Breaking Rules - Part 1: Sandi Metz

Rules are great, and nearly everybody likes to break them so this series will explore how and when it's appropriate to break rules. There is a (trite) philosophy stating

Learn the rules well so you can break them properly

This post attempts to break down how or when to "properly" break some specific rules.

Sandi Metz has four rules (or five or six) for writing Ruby (and Rails) code

  • Classes can be no longer than one hundred lines of code.
  • Methods can be no longer than five lines of code.
  • Pass no more than four parameters into a method. Hash options are parameters.
  • Controllers can instantiate only one object. Therefore, views can only know about one instance variable and views should only send messages to that object (@object.collaborator.value is not allowed).

She mentions in this podcast that people frequently quote her rules while forgetting the most important one:

The [last] rule is that you can break any of [the others], as long as you can get your pair to agree.

She goes on:

Why is it that we're such cargo-culters about things?

That's the rule that people forget!

This is a beautiful reason to break a rule. In writing code, you and your pair are codifying the logic of the domain. The most important thing is to keep that code easy for others to understand and modify as the demands of the domain change. That is why Sandi's rules can be so helpful; they make it harder for you to write complex, difficult-to-understand code. However, these rules do not always apply and there are valid reasons to break them.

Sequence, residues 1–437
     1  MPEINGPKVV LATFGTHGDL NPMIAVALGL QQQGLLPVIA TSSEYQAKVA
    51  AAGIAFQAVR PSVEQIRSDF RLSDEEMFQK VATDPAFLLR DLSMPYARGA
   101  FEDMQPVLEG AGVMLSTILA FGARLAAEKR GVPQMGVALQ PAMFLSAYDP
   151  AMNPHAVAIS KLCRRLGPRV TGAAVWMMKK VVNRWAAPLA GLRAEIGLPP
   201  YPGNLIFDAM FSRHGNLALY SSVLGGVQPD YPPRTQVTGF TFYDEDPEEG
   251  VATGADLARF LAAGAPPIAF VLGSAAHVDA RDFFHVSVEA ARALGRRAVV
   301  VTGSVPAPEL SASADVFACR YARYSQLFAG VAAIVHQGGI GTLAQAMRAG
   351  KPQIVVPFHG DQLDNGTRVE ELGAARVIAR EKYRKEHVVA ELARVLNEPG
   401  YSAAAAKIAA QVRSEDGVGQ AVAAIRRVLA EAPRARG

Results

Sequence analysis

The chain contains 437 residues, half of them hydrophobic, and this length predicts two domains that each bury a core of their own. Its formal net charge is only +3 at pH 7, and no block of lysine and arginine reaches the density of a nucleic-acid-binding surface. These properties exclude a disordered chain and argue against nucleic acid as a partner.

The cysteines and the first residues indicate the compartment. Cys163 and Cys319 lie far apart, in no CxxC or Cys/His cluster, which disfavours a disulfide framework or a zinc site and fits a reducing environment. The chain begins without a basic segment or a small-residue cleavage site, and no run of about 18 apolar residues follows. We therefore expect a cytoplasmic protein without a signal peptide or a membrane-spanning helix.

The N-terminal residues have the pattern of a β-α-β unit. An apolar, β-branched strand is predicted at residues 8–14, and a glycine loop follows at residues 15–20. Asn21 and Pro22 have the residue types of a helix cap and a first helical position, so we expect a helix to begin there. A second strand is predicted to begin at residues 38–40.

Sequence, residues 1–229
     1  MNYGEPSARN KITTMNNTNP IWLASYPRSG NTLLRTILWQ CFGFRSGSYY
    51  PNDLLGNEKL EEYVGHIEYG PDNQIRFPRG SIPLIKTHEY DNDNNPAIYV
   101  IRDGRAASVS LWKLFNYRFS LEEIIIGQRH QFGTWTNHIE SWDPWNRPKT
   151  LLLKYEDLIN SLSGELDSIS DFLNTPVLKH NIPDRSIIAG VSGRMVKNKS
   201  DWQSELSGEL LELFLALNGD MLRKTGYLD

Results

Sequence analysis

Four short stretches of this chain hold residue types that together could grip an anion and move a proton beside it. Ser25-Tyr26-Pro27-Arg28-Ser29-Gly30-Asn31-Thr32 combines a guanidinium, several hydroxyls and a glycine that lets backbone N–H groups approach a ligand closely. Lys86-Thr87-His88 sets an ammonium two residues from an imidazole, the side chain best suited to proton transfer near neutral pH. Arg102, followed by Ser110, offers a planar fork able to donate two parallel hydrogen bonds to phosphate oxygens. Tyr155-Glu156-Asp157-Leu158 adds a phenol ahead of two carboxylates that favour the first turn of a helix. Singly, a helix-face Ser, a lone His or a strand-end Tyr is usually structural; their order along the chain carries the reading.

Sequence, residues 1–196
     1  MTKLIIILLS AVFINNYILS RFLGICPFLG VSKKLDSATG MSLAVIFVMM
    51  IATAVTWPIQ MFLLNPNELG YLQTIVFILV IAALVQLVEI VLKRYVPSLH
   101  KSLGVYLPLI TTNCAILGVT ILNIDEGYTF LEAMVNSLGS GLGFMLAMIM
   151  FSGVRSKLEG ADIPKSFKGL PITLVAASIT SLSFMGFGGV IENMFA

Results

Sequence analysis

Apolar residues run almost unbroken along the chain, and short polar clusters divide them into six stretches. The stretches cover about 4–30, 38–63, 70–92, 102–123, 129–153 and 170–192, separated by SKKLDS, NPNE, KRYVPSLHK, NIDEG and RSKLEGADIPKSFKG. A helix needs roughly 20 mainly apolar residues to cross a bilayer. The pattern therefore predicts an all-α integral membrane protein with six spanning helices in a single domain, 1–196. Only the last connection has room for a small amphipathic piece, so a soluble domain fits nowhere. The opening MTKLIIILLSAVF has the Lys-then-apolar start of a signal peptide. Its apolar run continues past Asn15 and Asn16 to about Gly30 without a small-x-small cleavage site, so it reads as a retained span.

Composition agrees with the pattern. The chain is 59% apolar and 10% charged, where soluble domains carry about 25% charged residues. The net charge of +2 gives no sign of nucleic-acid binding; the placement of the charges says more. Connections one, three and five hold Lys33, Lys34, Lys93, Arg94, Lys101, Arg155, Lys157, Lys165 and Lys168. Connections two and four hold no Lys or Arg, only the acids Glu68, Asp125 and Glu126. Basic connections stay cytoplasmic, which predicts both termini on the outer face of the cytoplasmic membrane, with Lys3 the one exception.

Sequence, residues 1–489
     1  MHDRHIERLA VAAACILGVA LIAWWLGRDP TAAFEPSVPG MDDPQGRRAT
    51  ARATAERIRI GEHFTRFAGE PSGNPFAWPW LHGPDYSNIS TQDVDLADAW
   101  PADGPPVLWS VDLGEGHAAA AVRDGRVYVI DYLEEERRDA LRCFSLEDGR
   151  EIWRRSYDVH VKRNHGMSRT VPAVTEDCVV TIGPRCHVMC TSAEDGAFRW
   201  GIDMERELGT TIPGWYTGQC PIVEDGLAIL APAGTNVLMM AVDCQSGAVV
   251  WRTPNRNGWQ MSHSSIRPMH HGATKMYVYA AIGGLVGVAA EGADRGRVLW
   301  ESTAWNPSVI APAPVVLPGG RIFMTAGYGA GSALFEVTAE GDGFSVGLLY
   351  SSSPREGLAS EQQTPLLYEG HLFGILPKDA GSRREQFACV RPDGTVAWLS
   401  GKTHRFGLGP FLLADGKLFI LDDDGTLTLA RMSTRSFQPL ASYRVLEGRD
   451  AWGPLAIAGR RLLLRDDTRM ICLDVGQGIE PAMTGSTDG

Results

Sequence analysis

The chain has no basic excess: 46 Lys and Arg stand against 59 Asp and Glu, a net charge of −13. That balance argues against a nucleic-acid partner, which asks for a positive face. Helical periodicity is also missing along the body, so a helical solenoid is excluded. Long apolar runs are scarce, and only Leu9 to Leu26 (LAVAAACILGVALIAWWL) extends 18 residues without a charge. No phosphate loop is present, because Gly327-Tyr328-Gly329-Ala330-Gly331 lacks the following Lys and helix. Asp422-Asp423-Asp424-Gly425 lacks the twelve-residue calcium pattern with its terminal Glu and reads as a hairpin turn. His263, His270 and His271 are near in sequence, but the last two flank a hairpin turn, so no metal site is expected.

Working with a pair or code-reviewer is great because together, the team can write better code.

If you have a strong and empathetic working relationship your pair then you will be able to make good decisions together. These rules are heuristics to prompt discussion about whether a particular choice is "good." As professionals, we must be confident in breaking these rules, but only with good reason: we must convince our pair.

I mostly write this blog for myself. Writing this post was a lot of fun for me in that I went back and listened to some old podcast episodes, watched the conference talk, and then spent a bunch of time figuring out what I actually wanted to say. I highly recommend checking out the links below. Those people are smarter than me and have great insight. If you come to different or other conclusions then feel free to reach out. I love talking about this stuff!